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Bosa said he has spent the past six months working on a couple of new pass-rush moves. Even before the draft last year, Bosa spoke about a cross-chop move that Aaron Donald has perfected on his way to becoming arguably the league’s best defensive player. Bosa has also been considering adding a spin move to his arsenal.

Bosa said he also has worked on making better use of his hands to ward off pass-blockers and get to the quarterback more effectively.

“I win a lot at the top of my rush, but a lot of the times I get washed by the quarterback or I don’t pose enough space and finish the plays, so that’s probably been the biggest emphasis for me,” he said. “And I’ve been working that in walk-throughs and drills all (off)-season.”

Bosa faced a number of obstacles as he prepared for his rookie season a year ago. He underwent core-muscle surgery that ended his final season at Ohio State after three games. Bosa spent months rehabbing and traveling the country to meet with teams during the pre-draft process.

After the 49ers selected Bosa with the No. 2 overall draft pick, a hamstring strain during the offseason program sidelined him until training camp. Then, early in camp he sustained a high-ankle sprain that kept him out until Week 1 of the regular season.

[RELATED49ers' Bosa 'not going to blame the ref' for big Super Bowl no-call]

While the 49ers and the rest of the NFL canceled on-field work this spring, Bosa trained daily with his brother, Joey, and he believes he enters his second season much better prepared than a year ago.

“I think I’ve gotten all of the benefits and I’m feeling it out here in these workouts, in these runs we’re doing,” he said. “I feel like I’m, by far, in the best shape that I’ve ever been. I don’t look much different because we don’t train to body-build. We train to play football, and I think it’ll show.”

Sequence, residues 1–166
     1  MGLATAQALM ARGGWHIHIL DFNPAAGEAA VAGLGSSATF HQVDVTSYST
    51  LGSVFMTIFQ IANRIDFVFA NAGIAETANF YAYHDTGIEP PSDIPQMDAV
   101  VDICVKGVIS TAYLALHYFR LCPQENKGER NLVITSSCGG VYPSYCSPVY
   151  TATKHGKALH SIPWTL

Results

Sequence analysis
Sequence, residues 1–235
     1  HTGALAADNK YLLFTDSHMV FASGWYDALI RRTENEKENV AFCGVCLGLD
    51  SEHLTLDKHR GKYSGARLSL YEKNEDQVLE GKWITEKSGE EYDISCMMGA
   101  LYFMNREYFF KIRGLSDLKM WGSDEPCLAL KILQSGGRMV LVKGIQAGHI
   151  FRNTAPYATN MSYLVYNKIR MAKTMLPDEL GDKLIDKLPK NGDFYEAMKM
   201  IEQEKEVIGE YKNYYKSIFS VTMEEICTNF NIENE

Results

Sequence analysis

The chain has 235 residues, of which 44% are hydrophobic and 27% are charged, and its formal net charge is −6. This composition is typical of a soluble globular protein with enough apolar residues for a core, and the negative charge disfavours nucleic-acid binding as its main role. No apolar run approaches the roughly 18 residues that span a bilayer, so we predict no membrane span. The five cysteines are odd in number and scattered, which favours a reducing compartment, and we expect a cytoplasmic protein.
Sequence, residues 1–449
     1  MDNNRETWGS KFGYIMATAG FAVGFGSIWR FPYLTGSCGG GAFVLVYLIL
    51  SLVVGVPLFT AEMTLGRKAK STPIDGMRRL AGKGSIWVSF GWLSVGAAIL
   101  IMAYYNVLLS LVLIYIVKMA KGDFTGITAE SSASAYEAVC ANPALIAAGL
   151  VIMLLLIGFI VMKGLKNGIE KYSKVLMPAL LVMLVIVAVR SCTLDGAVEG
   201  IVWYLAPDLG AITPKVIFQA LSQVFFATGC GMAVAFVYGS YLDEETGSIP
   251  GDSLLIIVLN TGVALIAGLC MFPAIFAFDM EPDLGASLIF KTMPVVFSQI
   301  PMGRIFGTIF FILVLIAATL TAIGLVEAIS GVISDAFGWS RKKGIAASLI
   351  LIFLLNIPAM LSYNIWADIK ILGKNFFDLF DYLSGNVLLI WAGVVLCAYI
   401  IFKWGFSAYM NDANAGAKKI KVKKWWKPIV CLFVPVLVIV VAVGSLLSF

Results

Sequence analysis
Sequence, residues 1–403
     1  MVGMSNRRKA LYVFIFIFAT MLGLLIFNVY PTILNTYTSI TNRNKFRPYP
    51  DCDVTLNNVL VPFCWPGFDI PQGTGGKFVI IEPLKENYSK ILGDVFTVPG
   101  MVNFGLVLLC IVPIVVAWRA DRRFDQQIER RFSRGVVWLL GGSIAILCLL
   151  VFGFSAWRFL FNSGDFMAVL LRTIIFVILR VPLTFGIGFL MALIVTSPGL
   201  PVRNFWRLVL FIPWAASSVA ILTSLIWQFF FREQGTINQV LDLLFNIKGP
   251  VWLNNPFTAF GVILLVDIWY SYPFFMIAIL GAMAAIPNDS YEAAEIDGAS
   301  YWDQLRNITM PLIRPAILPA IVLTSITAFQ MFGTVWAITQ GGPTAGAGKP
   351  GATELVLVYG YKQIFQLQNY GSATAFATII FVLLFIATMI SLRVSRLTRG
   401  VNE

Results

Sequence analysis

49ers' Nick Bosa 'not going to blame ref' for big Super Bowl no-call

49ers' Nick Bosa 'not going to blame ref' for big Super Bowl no-call

Third-and-15.

Three words that will forever be linked to the 49ers’ inability to close the door on the Kansas City Chiefs in the middle of the fourth quarter of their Super Bowl LIV loss at Hard Rock Stadium.

Third-and-15 conjures up a bunch of “what-if” scenarios. The 49ers led by 10 points. They'd lose the game by 11. That play on third-and-15 gave the Chiefs a chance.

It took a while for Tyreek Hill’s downfield route to develop. Quarterback Patrick Mahomes needed time in order for Hill to fool 49ers cornerback Emmanuel Moseley into believing his destination was the deep middle of the field. Mahomes had just enough time to allow Hill time to break his route back outside.

What happened at the beginning of the play made the 44-yard pass completion possible. Rookie defensive end Nick Bosa appeared to beat Kansas City left tackle Eric Fisher with an inside move. But Fisher steered Bosa clear of Mahomes with his right arm wrapped around Bosa’s right ribcage.

Months later, does Bosa believe he was held on the play?

“I’ve gotten that question a bunch,” he said with a laugh during a video call with Bay Area reporters.

“I don’t like thinking about that game very much, but I have gone back and watched up until the fourth quarter and, um, was I held? I mean, it comes down to the opinion of a human being. So that’s what refs are. They’re human beings. So if they think it’s holding, they think it’s holding. It could’ve been holding. It could’ve not been holding. It just depends on what he thinks.”

[49ERS INSIDER PODCAST: Listen to the latest episode]

Referee Bill Vinovich did not reach for his flag, and the play stood.

Bosa did not have a chance after Fisher got his arm around him. Meanwhile, defensive tackle DeForest Buckner, who lined up inside of Bosa, was a split-second late in getting to Mahomes.

“I’m not going to say that’s the reason we lost the game because there were plenty of opportunities where I could’ve done better,” Bosa said of the no-call. “I could’ve done better on that move on third and 15. I’m sure Buck is kicking himself. He thinks he could’ve done better on the wrap and gotten there a little quicker. I’m not going to blame the ref, by any means.”

Buckner is now with the Indianapolis Colts after the 49ers traded him for a first-round draft pick that was used to select his replacement, Javon Kinlaw. Buckner is the only defensive starter who does not return for the 49ers this season.

[RELATED49ers' Bosa expects Kinlaw to 'kill it' in rookie season]

All the holdovers will use third-and-15 as “good motivation,” said Bosa. After all, his rookie season fell just short of the ultimate prize.

“First year, you get there and you’re seven minutes away and a nightmare of a situation happens,” Bosa said. “So you could bet we’re going to come back pretty strong this year if we’re able to get 16 games in and the playoffs.”